Submitted to: Proceedings for Electronic Imaging Meeting
Publication Type: Proceedings
Publication Acceptance Date: 3/9/2016
Publication Date: 2/14/2016
Citation: Yoon, S.C., Bowker, B.C., Zhuang, H. 2016. Toward a fusion of optical coherence tomography and hyperspectral imaging for poultry meat quality assessment. Proceedings for Electronic Imaging Meeting. https://doi.org/10.2352/ISSN.2470-1173.2016.14.IPMVA-380.
Interpretive Summary: A study was conducted to investigate potential of fusing two different imaging techniques (optical coherence tomography and hyperspectral imaging) for rapid and objective detection of poultry meat with a myopathy (called wooden breast condition). The wooden breast condition is associated with chicken breast fillets having an uncharacteristically hard or rigid feel. In recent years, the wooden breast condition is becoming more prevalent in large, fast growing broiler chickens. Currently, there is no single objective evaluation method or system known for rapidly and non-invasively detecting and sorting boneless-skinless chicken breast fillets with the wooden breast condition. From this study, optical coherence tomography (OCT) provided sub-surface, cross-sectional images at micrometer resolution. The OCT image analysis revealed that the outermost connective tissue layer (i.e. epimysium) surrounding the meat was different between normal and wooden breast fillets in thickness and contrast. Hyperspectral imaging could differentiate excessive fats, strong whitish connective tissue and meat on the surface whereas OCT was ineffective to differentiate those features. Thus, the study suggested that when both techniques are fused, hyperspectral imaging will be able to detect the meat only without excessive surface materials so that OCT can probe into the sub-surface of the meat area and detect the wooden breast condition by analyzing the pattern of the epimysium.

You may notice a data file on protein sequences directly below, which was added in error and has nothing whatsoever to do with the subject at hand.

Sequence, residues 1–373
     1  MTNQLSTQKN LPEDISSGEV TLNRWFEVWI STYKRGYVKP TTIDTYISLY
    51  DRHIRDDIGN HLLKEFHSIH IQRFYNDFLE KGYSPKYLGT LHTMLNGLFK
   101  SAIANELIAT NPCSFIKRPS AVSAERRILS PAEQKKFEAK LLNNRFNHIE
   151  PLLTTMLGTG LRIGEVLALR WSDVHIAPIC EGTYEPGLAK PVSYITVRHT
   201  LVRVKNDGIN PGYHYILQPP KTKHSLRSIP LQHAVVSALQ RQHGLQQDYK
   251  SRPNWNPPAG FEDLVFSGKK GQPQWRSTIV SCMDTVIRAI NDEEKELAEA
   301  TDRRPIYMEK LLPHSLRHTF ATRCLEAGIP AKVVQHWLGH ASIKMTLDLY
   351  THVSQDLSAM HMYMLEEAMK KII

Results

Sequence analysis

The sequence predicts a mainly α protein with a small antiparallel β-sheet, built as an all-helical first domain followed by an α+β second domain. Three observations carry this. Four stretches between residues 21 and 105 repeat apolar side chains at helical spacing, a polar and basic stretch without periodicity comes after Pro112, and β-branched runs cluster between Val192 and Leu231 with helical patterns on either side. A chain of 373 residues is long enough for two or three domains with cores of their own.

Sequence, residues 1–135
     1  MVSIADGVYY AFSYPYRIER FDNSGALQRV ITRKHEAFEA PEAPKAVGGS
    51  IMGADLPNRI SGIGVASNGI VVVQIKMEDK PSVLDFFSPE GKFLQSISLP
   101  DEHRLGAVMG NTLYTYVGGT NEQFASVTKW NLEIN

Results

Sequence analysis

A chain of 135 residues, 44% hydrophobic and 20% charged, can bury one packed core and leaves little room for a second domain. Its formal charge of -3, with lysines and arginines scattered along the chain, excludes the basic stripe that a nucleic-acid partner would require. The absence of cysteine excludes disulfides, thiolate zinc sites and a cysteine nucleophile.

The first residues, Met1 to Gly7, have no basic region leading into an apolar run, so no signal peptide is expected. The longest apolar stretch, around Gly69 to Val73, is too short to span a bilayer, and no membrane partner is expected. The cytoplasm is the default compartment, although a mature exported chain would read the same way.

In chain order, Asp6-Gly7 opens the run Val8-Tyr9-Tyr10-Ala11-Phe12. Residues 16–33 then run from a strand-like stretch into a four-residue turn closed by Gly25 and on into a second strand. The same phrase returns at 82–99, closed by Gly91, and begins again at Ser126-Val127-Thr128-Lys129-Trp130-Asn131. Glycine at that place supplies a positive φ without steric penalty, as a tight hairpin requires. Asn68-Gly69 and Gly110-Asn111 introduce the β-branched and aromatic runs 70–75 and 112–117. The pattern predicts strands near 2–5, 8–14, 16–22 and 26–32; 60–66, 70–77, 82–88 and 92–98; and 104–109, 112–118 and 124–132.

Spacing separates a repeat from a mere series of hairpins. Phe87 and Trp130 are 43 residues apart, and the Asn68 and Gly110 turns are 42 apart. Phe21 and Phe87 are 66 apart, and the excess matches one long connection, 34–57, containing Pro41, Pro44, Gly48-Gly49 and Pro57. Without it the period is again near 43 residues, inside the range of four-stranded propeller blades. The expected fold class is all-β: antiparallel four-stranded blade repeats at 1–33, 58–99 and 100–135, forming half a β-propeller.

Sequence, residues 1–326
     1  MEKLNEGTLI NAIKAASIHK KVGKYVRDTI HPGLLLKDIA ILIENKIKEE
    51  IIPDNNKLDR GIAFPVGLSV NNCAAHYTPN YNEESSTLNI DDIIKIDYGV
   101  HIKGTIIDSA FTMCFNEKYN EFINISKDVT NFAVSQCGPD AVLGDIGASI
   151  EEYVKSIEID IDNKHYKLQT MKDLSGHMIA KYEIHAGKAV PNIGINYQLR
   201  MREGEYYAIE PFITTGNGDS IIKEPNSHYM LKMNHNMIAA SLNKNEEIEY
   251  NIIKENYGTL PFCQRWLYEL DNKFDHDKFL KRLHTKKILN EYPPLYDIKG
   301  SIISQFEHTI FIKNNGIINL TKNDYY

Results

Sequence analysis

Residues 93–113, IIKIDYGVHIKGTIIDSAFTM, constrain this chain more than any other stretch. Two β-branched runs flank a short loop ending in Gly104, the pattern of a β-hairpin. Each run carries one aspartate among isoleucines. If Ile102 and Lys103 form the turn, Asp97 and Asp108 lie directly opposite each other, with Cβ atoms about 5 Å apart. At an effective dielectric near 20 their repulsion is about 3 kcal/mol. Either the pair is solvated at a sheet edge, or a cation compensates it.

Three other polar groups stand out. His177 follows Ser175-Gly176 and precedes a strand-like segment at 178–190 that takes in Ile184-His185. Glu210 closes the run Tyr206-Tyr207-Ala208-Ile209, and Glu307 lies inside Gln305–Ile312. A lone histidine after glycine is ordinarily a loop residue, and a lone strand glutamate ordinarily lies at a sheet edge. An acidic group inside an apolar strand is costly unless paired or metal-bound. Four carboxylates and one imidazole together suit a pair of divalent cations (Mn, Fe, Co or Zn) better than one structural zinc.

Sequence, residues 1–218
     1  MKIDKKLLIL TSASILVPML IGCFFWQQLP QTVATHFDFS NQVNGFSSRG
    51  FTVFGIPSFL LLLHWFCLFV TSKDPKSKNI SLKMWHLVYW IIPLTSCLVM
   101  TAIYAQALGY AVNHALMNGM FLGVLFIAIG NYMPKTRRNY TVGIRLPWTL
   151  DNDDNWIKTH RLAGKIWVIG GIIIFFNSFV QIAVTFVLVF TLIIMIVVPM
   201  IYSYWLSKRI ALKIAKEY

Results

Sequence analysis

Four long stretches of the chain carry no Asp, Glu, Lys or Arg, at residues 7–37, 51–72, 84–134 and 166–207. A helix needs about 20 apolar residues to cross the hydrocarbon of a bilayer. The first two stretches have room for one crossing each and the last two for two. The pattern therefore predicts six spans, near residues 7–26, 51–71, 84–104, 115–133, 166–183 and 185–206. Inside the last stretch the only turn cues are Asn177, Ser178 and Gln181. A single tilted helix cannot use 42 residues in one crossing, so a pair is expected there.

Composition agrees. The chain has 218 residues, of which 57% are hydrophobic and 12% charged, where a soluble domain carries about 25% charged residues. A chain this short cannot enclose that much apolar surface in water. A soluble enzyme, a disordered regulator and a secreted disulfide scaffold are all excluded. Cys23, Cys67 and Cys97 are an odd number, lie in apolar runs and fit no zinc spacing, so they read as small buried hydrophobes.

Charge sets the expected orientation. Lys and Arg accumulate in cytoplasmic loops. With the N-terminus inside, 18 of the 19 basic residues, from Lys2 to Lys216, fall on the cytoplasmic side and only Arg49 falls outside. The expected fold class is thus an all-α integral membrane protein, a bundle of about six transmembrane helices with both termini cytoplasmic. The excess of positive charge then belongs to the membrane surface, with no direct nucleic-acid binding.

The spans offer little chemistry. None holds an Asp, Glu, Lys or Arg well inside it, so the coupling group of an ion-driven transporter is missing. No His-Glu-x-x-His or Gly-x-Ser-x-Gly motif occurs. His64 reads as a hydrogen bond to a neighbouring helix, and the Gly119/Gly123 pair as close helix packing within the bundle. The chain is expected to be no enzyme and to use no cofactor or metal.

Technical Abstract: An emerging poultry meat quality concern is associated with chicken breast fillets having an uncharacteristically hard or rigid feel (called the wooden breast condition). The cause of the wooden breast condition is still largely unknown, and there is no single objective evaluation method or system known for rapidly and non-invasively detecting this quality defect in boneless-skinless chicken breast fillets. Thus, there is an immediate need to develop a rapid and non-invasive sensing technique to detect the wooden breast condition. In this study, sub-surface microstructure and optical properties of poultry meat were measured by optical coherence tomography (OCT) at 930 nm and hyperspectral imaging from 400 to 1,000 nm. The analysis of the measured OCT B scan images showed that the thickness and pattern of the epimysium (the fibrous connective tissue surrounding the muscle tissue) of the meat could be a good feature to differentiate between normal and wooden breast fillets. The OCT signals under the fats and whitish strong connective tissue were smeared with speckle noise so that the epimysium layer edge disappeared under these locations. Because OCT imaging had a small field of view (~1 cm x 1 cm), it was implied that the scanning time of a large area such as a chicken fillet would be very long. On the other hand, hyperspectral imaging was effective to rapidly scan the entire surface of each fillet and detect excessive fats and strong connective tissue although a spectral analysis showed that there was no pronounced difference between mean spectra of normal and wooden breast fillets. The study results suggested that hyperspectral imaging would increase the throughput of OCT imaging while OCT would detect the wooden breast condition, when both modalities were fused. Thus, a fusion of OCT and hyperspectral imaging will provide a sensing tool to rapidly and accurately detect and sort chicken breast fillets with the wooden breast condition.